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U.S. pork can now be exported to India

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NPPC had been calling on India to lift its de facto ban on U.S. pork and accept the veterinary export certificate proposed earlier by USDA.

After many years of negotiations, India is now open to U.S. pork and pork products. This change is now reflected in the USDA Food Safety and Inspection Service's (FSIS) Export Library for India.

In November 2015, India released a revised universal veterinary health certificate for import of pork and pork products detailing requirements for processing facilities, veterinary drug residues and animal disease restrictions. According to the United States Trade Representative 2021 National Trade Estimate Report on Foreign Trade Barriers, access to the Indian market for U.S. pork and pork products was restricted because India's Department of Animal Husbandry, Dairying and Fisheries (DAHDF) and the USDA did not have a bilaterally agreed upon export certificate or protocol for importing U.S. pork and pork products into India.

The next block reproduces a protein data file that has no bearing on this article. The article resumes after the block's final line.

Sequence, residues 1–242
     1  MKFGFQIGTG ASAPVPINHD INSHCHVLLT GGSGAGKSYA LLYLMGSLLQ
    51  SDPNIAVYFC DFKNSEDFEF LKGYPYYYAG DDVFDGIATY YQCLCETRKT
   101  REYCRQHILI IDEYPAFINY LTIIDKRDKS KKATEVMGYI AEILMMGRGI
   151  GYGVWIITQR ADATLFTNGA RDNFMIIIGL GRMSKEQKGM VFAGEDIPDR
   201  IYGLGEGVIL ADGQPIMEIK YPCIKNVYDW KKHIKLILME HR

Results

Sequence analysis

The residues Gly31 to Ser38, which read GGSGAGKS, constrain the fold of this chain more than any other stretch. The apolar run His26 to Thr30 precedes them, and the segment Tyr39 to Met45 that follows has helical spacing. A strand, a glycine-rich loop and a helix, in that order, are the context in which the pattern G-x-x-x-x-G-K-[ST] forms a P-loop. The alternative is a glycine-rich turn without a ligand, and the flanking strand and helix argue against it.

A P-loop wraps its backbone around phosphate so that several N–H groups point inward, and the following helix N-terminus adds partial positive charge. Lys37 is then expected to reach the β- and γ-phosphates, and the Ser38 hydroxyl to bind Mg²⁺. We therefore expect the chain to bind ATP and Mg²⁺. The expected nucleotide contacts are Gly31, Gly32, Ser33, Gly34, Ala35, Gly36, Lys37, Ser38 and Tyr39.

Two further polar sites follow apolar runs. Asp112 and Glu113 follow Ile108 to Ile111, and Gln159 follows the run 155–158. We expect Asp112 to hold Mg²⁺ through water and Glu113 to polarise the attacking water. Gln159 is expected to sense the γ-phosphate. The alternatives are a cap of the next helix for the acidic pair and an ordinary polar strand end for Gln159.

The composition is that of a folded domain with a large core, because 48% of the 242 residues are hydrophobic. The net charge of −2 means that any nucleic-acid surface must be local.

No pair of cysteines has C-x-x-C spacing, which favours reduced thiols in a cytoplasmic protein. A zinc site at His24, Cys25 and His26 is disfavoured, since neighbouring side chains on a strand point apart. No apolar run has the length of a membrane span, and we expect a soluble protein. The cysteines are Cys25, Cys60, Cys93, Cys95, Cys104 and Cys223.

After the twelfth ministerial-level meeting of the India-United States Trade Policy Forum (TPF) in New Delhi on Nov. 23, Indian Minister of Commerce and Industry, Shri Piyush Goyal and U.S. Trade Representative, Ambassador Katherine Tai announced that India had "agreed to work to finalize the mutually agreed export certificate to allow the importation of U.S. pork and pork products."

The National Pork Producers Council has been calling on India to lift its de facto ban on U.S. pork and accept the veterinary export certificate proposed earlier by USDA. With virtually all pork production in India being backyard, NPPC pointed out there is no significant pork industry in India pushing back against imports. 

Exporters interested in shipping to India should review the production, handling and sanitary requirements now outlined in the Documentation Requirements section of the FSIS Export Library. Questions can be addressed to U.S. Meat Export Federation Assistant Vice President of Export Services Travis Arp.

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